The new continent, Zealandia, lies to the east of Australia, near New Zealand.
Apparently, everything you learned in school is wrong: A new scientific study now states that there are eight continents and seven geologic continents — Europe and Asia are part of the same supermassive continent, despite geopolitics dividing them into two “continents.”
The study’s researchers say that after scrutinizing the Earth’s crust, they came to the realization that a distinct, as-yet-unrecognized seventh geologic continent was hiding beneath New Zealand and New Caledonia.
These tiny island chains are not that what they seem. Instead, they are a part of largely-submerged 1.89 million square mile landmass of continental crust that the researchers are calling “Zealandia,” which could be rich with billions of dollars’ worth of fossil fuels and minerals.
“This is not a sudden discovery, but a gradual realization,” the researchers wrote in GSA Today, the Geological Society of America’s scientific journal. “As recently as ten years ago we would not have had the accumulated data or confidence in interpretation to write this paper.”
The reason why Zealandia has gone without recognition for such a long time is that, at first glance, Zealandia just seems like islands. However, the new study used satellites to create elevation and gravity maps of the seafloor. The data they collected found that Zealandia is “approximately the area of Greater India.”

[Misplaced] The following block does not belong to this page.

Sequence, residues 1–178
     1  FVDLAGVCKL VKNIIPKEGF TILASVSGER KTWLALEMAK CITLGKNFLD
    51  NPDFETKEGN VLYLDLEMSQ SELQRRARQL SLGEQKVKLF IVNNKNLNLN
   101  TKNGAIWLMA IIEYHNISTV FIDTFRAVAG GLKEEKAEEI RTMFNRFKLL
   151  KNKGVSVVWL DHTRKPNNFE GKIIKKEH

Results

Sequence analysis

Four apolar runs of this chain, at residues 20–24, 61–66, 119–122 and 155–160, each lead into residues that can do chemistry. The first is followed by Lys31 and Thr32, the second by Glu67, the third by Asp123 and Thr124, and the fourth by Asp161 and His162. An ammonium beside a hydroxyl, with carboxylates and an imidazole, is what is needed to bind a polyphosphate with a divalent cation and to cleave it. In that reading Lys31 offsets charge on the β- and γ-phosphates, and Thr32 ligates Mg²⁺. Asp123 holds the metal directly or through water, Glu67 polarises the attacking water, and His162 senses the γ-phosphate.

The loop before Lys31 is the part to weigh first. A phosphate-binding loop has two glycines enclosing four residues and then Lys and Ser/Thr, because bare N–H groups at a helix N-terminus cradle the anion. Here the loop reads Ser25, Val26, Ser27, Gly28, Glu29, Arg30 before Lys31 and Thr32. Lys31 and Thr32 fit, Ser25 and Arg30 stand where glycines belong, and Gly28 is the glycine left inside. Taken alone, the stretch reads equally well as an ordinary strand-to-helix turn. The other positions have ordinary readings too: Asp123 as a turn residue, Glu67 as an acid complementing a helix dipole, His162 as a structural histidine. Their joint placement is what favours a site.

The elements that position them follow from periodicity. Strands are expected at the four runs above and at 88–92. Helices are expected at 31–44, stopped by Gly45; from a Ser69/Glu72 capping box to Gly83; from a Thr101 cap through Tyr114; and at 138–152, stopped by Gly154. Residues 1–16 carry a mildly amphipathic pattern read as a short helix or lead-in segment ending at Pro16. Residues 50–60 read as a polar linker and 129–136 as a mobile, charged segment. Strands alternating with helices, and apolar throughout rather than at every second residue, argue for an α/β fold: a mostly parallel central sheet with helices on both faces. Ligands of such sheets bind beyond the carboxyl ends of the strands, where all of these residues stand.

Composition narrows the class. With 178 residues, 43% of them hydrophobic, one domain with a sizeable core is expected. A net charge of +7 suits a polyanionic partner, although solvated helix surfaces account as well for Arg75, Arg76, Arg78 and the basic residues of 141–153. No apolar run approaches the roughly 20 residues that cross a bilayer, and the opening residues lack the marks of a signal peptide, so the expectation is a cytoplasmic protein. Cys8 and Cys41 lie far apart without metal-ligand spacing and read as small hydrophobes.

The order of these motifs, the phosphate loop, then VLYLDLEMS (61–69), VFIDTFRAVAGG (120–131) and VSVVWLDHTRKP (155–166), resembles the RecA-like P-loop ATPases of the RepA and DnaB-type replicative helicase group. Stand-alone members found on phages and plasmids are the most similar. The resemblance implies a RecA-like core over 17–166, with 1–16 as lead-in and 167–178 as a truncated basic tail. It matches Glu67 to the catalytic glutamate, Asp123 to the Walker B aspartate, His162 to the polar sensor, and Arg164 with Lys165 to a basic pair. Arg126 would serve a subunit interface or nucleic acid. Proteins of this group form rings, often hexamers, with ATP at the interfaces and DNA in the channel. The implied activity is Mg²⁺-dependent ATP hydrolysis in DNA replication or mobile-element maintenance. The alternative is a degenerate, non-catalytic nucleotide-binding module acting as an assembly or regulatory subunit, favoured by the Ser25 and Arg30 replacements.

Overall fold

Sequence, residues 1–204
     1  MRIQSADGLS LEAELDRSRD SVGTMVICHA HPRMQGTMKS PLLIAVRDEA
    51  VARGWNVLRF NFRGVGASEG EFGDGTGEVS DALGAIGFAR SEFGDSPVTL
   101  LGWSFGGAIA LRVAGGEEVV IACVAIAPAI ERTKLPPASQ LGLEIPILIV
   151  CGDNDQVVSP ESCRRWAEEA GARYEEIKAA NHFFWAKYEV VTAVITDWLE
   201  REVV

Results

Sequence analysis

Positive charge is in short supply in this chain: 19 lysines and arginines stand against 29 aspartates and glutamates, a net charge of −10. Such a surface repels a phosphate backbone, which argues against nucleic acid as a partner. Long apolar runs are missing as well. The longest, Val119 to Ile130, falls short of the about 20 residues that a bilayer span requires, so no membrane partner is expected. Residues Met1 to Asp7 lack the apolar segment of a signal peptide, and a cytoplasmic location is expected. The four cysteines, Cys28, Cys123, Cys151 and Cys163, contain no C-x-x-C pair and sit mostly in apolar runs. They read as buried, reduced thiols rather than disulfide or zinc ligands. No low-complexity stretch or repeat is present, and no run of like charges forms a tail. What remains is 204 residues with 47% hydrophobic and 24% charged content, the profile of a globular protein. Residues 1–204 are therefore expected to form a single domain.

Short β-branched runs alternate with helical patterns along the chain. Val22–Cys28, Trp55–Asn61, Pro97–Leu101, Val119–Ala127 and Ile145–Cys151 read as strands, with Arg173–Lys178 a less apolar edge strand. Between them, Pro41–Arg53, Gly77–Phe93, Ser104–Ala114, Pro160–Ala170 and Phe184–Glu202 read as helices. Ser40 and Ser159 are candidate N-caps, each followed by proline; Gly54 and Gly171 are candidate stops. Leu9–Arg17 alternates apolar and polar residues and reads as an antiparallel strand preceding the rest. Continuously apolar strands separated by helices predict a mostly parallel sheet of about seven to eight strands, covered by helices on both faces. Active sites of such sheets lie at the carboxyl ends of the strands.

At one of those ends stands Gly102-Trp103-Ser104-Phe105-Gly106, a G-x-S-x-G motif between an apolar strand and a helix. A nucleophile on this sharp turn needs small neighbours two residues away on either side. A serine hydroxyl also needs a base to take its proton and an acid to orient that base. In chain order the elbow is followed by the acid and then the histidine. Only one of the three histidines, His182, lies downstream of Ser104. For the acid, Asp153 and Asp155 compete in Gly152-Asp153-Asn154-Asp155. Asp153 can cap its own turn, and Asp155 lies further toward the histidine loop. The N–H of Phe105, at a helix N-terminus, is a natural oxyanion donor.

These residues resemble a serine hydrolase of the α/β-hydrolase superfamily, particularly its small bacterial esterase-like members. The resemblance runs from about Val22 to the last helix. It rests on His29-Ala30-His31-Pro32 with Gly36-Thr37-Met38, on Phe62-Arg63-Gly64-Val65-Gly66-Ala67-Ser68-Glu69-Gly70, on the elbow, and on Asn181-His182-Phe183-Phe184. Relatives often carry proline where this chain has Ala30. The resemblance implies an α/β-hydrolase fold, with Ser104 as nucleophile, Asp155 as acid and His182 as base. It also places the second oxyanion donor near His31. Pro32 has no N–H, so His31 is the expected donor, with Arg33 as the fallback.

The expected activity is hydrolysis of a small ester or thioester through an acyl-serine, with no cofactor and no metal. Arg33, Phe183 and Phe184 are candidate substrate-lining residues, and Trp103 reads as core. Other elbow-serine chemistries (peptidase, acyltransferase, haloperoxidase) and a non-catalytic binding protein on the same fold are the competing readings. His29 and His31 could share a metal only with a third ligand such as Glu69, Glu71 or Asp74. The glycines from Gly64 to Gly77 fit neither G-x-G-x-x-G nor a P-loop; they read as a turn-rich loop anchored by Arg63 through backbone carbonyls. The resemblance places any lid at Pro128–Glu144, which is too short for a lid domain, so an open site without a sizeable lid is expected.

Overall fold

“If the elevation of Earth’s solid surface had first been mapped in the same way as those of Mars and Venus (which lack […] opaque liquid oceans),” the researchers wrote, “we contend that Zealandia would, much earlier, have been investigated and identified as one of Earth’s continents.”
The findings are likely to be accepted by the geology scientific community, according to Bruce Luyendyk, the geophysicist at the University of California at Santa Barbara who came up with the term “Zealandia” in 1995 to describe the island chains and not a new continent.
“These people here are A-list earth scientists. I think they’ve put together a solid collection of evidence that’s really thorough. I don’t see that there’s going to be a lot of pushback, except maybe around the edges,” Luyendyk said to Business Insider.
Next, check out the more accurate world map that recently won a prestigious design award.